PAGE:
calm


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Synonyms for calm

Synonyms for calm

Synonyms for calm

References in classic literature ?
Desire the governor to come to me," added the king, in accents full of calm and dignity.
As the usual hour of retirement approached I dried my eyes, and tried to clear my voice and calm my mind.
said he, with the calm insolence of mingled shamelessness and desperation.
I wouldn't look so white and so calm, and burst my heart with keeping it in.
I have cried,' said I, smiling, in spite of my misery; 'and I am calm now, really: so don't discompose me again, nurse: let us say no more about it, and don't mention it to the servants.
Came days of fog, when even Maud's spirit drooped and there were no merry words upon her lips; days of calm, when we floated on the lonely immensity of sea, oppressed by its greatness and yet marvelling at the miracle of tiny life, for we still lived and struggled to live; days of sleet and wind and snow-squalls, when nothing could keep us warm; or days of drizzling rain, when we filled our water-breakers from the drip of the wet sail.
And she was spirit, first and always spirit, etherealized essence of life, calm as her calm eyes, and sure of permanence in the changing order of the universe.
Here the sea was calm, save for a heavy but smooth ground-swell, and I took in the sea-anchor and began to row.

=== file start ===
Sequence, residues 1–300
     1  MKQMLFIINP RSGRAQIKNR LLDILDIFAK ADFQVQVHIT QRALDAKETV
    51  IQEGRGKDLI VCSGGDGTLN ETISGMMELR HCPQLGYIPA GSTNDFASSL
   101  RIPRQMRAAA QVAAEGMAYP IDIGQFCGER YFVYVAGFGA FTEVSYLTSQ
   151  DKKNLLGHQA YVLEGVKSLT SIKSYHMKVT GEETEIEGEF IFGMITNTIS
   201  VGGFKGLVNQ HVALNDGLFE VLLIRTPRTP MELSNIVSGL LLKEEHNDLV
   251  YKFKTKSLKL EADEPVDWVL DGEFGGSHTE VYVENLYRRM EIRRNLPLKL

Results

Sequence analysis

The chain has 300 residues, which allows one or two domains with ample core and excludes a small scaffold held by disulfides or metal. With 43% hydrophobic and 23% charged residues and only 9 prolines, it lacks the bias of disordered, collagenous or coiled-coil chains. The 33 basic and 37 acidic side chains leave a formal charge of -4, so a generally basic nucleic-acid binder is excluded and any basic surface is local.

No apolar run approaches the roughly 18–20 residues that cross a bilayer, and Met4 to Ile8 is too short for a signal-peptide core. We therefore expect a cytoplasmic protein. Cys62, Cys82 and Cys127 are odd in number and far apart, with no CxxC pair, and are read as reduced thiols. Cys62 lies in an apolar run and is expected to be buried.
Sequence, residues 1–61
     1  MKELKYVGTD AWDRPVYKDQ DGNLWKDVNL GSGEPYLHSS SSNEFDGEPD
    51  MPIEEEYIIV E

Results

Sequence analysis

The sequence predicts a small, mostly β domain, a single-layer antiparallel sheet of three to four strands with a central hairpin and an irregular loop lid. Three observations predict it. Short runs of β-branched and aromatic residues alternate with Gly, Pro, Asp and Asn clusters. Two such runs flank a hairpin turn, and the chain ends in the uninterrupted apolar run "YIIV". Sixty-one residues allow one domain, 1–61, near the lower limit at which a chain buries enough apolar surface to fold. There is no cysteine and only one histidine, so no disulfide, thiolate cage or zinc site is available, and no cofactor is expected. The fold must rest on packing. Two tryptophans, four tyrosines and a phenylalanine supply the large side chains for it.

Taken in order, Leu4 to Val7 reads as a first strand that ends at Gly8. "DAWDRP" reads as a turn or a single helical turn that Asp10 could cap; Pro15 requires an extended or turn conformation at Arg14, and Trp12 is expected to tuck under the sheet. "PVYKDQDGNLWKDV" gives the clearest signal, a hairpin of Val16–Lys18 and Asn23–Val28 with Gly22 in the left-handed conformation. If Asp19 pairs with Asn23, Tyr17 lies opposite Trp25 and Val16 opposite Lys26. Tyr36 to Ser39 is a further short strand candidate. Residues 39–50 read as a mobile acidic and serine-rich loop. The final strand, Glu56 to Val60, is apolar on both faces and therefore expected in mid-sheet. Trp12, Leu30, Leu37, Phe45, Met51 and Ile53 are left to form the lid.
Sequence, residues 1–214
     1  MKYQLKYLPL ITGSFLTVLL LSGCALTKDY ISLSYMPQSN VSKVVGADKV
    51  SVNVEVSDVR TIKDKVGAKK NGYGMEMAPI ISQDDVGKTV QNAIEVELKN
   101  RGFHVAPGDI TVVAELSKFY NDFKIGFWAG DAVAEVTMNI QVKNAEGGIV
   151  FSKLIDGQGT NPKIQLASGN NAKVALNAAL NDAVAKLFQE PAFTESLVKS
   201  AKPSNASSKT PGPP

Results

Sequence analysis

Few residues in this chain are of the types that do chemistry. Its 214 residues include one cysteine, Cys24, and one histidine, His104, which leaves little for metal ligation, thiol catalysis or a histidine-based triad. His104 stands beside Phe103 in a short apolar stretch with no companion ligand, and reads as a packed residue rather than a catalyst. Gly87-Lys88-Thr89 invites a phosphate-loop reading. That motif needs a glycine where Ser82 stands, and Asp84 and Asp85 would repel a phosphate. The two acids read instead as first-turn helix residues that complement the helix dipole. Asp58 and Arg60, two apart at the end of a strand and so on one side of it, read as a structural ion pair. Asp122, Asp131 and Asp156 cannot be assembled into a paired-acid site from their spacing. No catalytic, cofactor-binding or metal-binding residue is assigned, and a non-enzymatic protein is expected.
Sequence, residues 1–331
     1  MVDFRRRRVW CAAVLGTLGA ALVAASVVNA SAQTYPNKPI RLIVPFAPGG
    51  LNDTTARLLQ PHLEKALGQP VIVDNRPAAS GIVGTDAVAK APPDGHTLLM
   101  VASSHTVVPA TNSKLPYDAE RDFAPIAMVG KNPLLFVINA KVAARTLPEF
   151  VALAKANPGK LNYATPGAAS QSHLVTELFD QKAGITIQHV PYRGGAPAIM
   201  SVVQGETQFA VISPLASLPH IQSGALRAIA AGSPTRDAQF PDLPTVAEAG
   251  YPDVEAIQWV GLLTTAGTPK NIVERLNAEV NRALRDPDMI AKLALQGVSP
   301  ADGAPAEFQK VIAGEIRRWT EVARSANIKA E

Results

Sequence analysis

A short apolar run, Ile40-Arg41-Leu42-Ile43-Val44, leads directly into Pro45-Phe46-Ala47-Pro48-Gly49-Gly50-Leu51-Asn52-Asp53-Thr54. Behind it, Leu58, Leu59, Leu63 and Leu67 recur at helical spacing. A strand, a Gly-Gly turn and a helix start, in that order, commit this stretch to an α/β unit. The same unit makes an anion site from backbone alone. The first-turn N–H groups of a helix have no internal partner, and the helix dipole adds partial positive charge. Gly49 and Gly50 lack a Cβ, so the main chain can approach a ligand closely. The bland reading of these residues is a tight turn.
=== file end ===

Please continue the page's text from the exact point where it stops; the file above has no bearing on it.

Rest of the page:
But this calm for thought never came; every time the thought rose of what she had done and what would happen to her, and what she ought to do, a horror came over her and she drove those thoughts away.
I tried to calm Ernest; I enquired more minutely concerning my father, and her I named my cousin.
I have no doubt they got ashore, in that calm weather (making all due allowance for fatigue and clumsy rowing), before day-break.
He conceived himself to be calm -- inexorably calm; but as a matter of fact he was daunted; not abjectly, but only so far as a decent man may, without becoming loathsome to himself.
In all weathers, fair or foul, calm or windy, we were every one on deck, walking up and down in pairs, lying in the boats, leaning over the side, or chatting in a lazy group together.
For some days we had a dead calm, or very light winds, during which the crew amused themselves with fishing, and hooked an unlucky dolphin, who expired, in all his rainbow colours, on the deck: an event of such importance in our barren calendar, that afterwards we dated from the dolphin, and made the day on which he died, an era.
It was very edifying to see these unbelievers shake their heads and frown, and hear them hold forth strongly upon navigation: not that they knew anything about it, but that they always mistrusted the captain in calm weather, or when the wind was adverse.